Cyber Apocalypse 2021 CTF has been organized by HackTheBox (19 Apr 2021 – 23 Apr 202) and it was my second CTF overall and the first forensic CTF I have tried. It involved quite a lot of googling and brainstorming with my friend HatsuMora, but I managed to get my first forensic flag!
Resources that helped and inspired me was:
- CTF Series : Forensics
- Decode KeyStrokes from USB-PCAP [For CTF]
- kaizen-ctf 2018 — Reverse Engineer usb keystrok from pcap file
- HID Usage Tables
In this task, we were provided with a USB-based PCAP file. As there are many USB devices, you have to inspect the packets to figure out which USB devices are connected. The packet you are interested in is called GET DESCRIPTOR Response DEVICE.
When you look in the packets, expand DEVICE DESCRIPTOR and find idVendor and idProduct. From the name, you can figure out what device has been used. In our case, it is the Razer BlackWidow Ultimate 2016 keyboard.
Knowing it has been the keyboard, we can take a look at the interrupt messages.
When you look into the details of different URB_INTERRUPT packages, you can notice some of them have 8 extra bytes added at the end. Those frames are 72 bytes and have the HID Data field (in many sources online, called Leftover Capture Data).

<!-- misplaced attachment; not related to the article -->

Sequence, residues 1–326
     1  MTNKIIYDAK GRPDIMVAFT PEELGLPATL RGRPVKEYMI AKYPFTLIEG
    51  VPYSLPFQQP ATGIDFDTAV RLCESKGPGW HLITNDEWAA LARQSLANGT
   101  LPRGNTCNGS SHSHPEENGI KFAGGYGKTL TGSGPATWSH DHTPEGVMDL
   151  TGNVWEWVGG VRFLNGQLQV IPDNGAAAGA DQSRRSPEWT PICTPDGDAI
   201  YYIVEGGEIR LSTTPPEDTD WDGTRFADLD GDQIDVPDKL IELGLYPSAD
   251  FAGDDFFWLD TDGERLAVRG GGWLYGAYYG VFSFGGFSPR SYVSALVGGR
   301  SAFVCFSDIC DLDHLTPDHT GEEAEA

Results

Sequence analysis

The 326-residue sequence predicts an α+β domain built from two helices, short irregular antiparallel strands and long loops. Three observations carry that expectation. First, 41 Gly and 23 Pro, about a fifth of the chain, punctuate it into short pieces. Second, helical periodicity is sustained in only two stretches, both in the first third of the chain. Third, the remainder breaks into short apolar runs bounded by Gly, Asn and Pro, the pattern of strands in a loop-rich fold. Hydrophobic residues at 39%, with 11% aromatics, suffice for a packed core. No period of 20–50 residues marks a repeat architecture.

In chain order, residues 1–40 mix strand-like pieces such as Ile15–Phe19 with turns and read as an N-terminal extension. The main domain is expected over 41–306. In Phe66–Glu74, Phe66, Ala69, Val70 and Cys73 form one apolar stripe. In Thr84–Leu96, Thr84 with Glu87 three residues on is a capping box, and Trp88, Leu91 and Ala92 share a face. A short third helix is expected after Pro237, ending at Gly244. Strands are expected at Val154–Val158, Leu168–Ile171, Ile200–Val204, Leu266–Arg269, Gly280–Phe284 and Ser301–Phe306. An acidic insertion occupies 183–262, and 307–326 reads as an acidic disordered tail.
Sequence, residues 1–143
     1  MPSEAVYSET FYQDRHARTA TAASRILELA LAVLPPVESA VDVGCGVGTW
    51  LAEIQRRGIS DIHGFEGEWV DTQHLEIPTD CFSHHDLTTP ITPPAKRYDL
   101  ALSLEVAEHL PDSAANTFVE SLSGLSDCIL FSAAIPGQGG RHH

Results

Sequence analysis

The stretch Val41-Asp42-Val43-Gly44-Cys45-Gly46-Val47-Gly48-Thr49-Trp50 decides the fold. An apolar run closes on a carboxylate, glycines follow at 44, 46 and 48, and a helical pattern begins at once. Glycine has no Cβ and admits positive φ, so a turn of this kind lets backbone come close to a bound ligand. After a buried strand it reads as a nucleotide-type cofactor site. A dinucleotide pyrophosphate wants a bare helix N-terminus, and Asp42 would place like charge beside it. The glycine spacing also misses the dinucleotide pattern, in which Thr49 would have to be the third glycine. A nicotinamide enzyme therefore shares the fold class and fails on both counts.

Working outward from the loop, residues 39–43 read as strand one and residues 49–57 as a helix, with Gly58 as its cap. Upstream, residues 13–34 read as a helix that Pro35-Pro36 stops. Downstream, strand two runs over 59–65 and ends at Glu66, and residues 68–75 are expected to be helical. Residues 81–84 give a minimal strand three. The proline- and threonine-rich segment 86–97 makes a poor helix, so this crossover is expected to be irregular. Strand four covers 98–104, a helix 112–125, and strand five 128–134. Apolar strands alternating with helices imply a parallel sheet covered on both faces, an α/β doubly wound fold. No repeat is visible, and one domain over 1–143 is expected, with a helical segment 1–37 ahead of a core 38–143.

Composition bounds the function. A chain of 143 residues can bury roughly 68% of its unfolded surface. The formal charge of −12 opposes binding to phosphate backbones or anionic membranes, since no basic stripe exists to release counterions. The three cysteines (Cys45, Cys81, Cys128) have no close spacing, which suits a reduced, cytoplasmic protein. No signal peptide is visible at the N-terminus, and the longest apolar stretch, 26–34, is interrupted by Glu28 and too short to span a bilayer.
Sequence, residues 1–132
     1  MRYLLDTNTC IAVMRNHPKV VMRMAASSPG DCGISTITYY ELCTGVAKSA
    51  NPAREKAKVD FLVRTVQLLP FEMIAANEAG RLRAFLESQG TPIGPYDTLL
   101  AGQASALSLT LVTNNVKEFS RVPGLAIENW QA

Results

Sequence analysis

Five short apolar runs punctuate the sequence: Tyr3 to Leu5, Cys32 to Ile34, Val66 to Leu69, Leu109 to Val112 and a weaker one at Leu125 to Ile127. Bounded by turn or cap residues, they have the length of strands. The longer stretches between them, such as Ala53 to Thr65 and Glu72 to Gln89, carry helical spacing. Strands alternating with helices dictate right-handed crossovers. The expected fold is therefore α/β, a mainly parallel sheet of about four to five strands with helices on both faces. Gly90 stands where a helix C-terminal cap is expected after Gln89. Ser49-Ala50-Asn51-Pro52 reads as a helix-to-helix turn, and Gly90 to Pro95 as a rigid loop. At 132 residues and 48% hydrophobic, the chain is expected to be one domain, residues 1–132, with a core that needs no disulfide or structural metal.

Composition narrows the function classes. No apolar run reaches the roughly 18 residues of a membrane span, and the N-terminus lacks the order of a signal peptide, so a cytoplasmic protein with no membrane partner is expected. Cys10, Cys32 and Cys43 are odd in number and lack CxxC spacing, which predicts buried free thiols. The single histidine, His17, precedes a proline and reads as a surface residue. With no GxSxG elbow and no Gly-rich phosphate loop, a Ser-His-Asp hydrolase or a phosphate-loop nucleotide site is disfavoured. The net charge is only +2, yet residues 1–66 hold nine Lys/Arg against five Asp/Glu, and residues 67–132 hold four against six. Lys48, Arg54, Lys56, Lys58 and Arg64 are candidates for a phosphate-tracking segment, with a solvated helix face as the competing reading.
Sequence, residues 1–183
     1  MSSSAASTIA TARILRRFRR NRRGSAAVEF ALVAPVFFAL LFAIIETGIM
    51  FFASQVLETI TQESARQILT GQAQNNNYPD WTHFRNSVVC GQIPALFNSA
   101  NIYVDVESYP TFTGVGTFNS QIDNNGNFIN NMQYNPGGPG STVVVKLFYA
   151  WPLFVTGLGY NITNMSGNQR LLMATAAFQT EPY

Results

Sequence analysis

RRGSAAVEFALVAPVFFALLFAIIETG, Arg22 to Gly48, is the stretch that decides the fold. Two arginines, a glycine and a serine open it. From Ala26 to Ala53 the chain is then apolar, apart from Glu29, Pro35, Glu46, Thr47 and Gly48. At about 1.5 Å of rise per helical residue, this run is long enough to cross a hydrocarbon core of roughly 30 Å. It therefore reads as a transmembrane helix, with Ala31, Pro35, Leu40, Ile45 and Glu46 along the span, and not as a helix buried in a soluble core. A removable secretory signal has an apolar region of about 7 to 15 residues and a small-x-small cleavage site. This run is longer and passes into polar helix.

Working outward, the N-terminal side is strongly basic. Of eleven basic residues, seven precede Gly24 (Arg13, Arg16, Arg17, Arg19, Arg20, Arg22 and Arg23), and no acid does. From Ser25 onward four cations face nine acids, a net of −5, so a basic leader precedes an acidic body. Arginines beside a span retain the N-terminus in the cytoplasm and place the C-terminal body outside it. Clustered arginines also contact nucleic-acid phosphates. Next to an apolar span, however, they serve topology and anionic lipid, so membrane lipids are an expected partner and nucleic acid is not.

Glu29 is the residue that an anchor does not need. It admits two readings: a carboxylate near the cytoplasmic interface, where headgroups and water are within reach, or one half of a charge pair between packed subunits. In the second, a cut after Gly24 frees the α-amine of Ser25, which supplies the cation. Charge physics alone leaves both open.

After checking HID Usage Tables we can see that the 3rd byte we see in Wireshark corresponds to a specific key pressed on the keyboard. As you can see in the table, “04” can mean either a or A. So how do you know which one was pressed? The answer to this can be found in the first byte. If it is 02, then the Shift has been pressed, and the letter is a capital letter.
Having that information, we need to gather all the frames with HID data and extract bytes corresponding to keystrokes that have been pressed.
To display the frames we are interested in, we need to apply a filter that will show us only URB_INTERRUPT in that was 72 bytes in size.
((usb.transfer_type == 0x01) && (frame.len == 72))
We want to export the pcap as CSV to run a script that converts the HEX to letters. To do that, we need to add HID DATA to the column (right-click on HID Data in packet details and choose “Apply as a column”) and export packet dissection as a CVS file.
The next step is to extract the HID Data from the file. To do that run the command:
cat keypcap.csv | cut -d "," -f 7 | cut -d "\"" -f 2 | grep -vE "HID Data" > hexoutput.txt
Then we need to run a short python script that decodes the keystrokes. I was inspired by a script I have downloaded from Rajchowdhury420 GitHub.
After running the original script, I have noticed a failure “KeyError: 42”. Checking again in the HID Usage table, I have discovered that 42 (or 2A in hex) means that a “Backspace” button was pressed, resulting in the previous character being deleted.
After adjusting a script, I managed to capture the flag!
The Wireshark and script are available on my GitHub.